Skip to main content

Is Fortnite good for kids? Experts definitely have opinions

How to know if your child is ready for video games like Fortnite

blond child playing fortnite
Jennie Book / Shutterstock

If you have kids, chances are you’ve heard of the video game Fortnite. Not only has the game gone viral but so have the songs and dances, thanks to social media. If they aren’t already playing it, your kids are probably begging you to play it while telling you how all of their friends are already playing. Fortnite is one of the most popular games for gamers of all ages, and its lack of blood and gore is attractive to parents. The fact that it’s still a shooting game can be concerning.

Deciding when your child is ready for a game like Fortnite is a complex choice and we’ve gathered expert opinions to help you make an informed decision. There are several factors to take into account and we’ll walk you through each one before you let your child even create an avatar.

Fortnite video game
Pryimak Anastasiia / Shutterstock

What is Fortnite?

Fortnite is a video game that came out in 2017 from developer Epic Games. There are currently three versions. There is an up to four players versus the environment version called Fortnite: Save the World, a multi-player, up to 100-player version called Fortnite Battle Royale, and a fun freedom space version called Fortnite Creative. Creative and Battle Royale are free to play, but Save the World costs parents real-life money. Battle Royale is the most popular version and the one your kiddo most likely wants to play.

In Battle Royale, play in solo (alone), duo (with one other player), or squad mode (a team of four). In a match, up to 100 players fight until there is one winner left standing (think The Hunger Games). Players in a match are in the same mode, and players kill opponents by shooting each other with guns. There’s no blood and players who are killed simply disappear.

In Save the World, the last remaining humans must collaborate to survive zombies in a post-apocalyptic world. Not the best game, but teamwork and how to survive a zombie apocalypse might come in handy one day.

In Creative, players get to have a relaxed and more, well, creative time. Players can create courses, battle arenas, and spawn any item of their choosing from Battle Royale to their personal island. This one doesn’t sound too bad.

You can play one version or another of Fortnite on PlayStation 4, PlayStation 5, Xbox One, Xbox Series X/S, Nintendo Switch, macOS, Windows computers, Android phones, and of course, iOS. You need a Wi-Fi connection to play.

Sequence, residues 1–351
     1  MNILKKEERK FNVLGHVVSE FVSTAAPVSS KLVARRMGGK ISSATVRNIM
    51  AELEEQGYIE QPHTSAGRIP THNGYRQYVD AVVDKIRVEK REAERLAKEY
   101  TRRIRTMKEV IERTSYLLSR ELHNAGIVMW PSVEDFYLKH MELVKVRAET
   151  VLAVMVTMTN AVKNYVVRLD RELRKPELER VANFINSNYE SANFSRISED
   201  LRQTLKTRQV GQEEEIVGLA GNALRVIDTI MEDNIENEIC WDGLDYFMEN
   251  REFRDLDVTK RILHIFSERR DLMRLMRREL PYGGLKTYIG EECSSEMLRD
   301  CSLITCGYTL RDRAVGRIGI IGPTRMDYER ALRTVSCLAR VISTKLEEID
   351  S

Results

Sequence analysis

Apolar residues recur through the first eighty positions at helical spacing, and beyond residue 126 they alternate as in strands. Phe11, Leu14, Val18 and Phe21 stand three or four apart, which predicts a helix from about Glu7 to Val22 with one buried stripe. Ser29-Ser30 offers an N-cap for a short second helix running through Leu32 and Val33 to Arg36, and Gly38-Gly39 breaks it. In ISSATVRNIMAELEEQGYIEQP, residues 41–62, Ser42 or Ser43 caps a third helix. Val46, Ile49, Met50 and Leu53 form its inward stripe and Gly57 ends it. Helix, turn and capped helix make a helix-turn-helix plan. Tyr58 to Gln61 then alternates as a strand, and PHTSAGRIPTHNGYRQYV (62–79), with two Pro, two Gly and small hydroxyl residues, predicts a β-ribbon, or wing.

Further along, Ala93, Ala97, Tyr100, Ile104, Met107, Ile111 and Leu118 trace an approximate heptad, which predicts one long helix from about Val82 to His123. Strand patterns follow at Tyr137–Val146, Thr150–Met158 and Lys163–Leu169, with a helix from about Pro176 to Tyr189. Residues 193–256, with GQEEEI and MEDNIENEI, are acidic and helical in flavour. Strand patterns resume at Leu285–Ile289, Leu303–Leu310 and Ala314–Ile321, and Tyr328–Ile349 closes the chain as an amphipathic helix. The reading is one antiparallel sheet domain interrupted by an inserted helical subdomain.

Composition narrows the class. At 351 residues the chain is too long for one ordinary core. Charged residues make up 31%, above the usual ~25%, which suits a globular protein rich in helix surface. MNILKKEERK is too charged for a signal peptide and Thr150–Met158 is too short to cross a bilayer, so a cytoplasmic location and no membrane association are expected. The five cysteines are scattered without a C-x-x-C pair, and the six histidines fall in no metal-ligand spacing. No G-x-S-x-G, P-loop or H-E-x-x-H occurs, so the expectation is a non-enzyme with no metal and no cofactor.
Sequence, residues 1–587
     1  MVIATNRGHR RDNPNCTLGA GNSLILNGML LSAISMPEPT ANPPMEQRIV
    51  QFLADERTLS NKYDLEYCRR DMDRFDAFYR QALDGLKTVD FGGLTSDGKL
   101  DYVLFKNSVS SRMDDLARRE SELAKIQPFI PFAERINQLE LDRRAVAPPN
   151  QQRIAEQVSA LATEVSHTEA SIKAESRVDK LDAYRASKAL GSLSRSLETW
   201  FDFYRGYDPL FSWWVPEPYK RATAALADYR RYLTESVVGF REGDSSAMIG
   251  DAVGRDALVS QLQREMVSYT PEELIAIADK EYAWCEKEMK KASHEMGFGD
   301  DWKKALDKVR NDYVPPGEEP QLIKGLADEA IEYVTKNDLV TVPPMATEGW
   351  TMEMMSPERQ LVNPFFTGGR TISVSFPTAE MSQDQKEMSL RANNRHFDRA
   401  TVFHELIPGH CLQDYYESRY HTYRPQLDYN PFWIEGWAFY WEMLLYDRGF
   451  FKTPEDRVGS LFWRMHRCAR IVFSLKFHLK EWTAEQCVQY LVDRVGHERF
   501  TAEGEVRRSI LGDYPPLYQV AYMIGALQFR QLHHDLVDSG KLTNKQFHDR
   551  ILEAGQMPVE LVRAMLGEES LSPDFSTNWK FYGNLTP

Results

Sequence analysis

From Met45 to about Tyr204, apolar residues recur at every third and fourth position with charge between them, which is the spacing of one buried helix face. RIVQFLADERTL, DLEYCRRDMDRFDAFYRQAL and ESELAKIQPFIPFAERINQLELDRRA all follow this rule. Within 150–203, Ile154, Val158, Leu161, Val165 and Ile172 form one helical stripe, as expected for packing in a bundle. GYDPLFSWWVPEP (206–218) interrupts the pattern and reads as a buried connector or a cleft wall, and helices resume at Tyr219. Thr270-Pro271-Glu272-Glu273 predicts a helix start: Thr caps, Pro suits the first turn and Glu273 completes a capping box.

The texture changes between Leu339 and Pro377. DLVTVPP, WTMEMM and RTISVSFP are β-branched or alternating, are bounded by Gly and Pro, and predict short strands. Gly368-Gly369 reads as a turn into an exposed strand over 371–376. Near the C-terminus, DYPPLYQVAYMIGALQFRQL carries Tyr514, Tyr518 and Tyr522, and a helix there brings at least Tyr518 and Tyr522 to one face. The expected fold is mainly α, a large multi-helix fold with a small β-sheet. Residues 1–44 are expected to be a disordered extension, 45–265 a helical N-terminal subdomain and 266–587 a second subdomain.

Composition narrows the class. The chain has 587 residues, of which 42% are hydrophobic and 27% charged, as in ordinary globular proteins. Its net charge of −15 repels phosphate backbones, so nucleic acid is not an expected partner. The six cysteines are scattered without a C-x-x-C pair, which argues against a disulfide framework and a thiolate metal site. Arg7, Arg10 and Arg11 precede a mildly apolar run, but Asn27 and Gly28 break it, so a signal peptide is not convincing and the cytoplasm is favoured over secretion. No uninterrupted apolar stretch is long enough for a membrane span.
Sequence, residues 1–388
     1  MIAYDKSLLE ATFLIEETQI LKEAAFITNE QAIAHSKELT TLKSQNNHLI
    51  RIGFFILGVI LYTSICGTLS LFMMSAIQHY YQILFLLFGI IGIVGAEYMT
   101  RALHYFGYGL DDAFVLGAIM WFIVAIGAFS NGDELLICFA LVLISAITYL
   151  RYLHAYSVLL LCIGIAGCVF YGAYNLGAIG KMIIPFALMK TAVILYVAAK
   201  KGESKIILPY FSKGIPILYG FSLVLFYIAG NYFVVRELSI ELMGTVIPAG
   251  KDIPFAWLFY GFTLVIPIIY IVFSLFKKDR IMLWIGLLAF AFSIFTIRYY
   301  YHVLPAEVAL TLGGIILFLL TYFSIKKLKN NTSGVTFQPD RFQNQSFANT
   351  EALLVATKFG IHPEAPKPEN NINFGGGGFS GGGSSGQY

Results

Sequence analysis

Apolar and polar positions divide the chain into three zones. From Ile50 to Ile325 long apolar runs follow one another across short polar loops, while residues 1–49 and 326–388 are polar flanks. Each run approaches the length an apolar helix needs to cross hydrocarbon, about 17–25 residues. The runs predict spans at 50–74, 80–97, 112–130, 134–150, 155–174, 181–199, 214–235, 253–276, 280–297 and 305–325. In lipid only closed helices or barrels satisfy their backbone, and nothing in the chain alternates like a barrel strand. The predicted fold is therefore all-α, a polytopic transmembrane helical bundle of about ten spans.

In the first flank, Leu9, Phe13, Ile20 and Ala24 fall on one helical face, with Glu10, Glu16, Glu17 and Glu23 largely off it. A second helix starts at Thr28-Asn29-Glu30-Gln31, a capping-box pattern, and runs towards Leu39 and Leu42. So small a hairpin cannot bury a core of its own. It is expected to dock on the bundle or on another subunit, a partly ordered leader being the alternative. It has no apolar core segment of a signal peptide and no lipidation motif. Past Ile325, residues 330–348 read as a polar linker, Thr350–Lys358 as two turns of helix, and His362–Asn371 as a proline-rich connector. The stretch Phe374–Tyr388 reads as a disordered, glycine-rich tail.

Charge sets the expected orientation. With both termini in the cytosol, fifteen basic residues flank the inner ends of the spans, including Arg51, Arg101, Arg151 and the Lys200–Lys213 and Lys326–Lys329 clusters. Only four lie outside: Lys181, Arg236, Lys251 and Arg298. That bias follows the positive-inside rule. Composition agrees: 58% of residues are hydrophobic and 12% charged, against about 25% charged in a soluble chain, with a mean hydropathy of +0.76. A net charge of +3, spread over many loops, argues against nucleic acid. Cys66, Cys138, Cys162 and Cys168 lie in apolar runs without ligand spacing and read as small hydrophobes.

Three kids sitting on the couch on their devices playing a game.
Richard Lewisohn / Getty Images

What ages is Fortnite appropriate for?

Fortnite is rated T for Teen by the ESRB (Entertainment Software Rating Board) for violence. Their rating gives a further description of the game and why they rate it for ages 13 and up:

From a third-person perspective, players use guns, swords, and grenades to fight skeleton-like monsters (husks) in ranged and melee-style combat. Players can also defeat enemies by using various traps (e.g., electric, spikes, poisonous gas). Battles are highlighted by frequent gunfire, explosions, and cries of pain. In Battle Royale mode, players compete in “last-man-standing”-style shootouts with other players on an island with diminishing borders.

Frannie Ucciferri, Associate Managing Editor at Common Sense Media, writes “Common Sense doesn’t recommend games with open chat for kids under 13, but with the right controls and parental guidance, this can be a tween-friendly alternative to violent first-person shooters.” She continues, “For some parents, the cartoonish, bloodless style of the action in Fortnite makes the violence less problematic than the aggressive gore in other popular shooter games. But the game’s online chat feature, especially in Battle Royale, could expose younger players to offensive language or mature content from random strangers.”

Two girls sitting next to each other playing Fortnite.
More Than Production / Shutterstock

Is Fortnite good for kids?

There are pros and cons of Fortnite for kids. “There are amazing opportunities for collaboration, communication, problem-solving, perseverance, and other skills that make our kids into the humans we hope they can be,” parenting and child development expert Dr. Deborah Gilboa told TODAY Parents. However, there are also dangers. “Supervise your kids, especially those under 14, while they play this game,” Gilboa advised.

Dr. Randy Kulman is a clinical child psychologist and agrees with the ESRB rating of Teen. He writes for Psychology Today, “I don’t think it is an age-appropriate game because of the nature of the violence. Yes, it is cartoonish, and death in Fortnite can be immediately followed by starting a new game, but the killing is random — if you see any other player, it’s either kill or be killed.”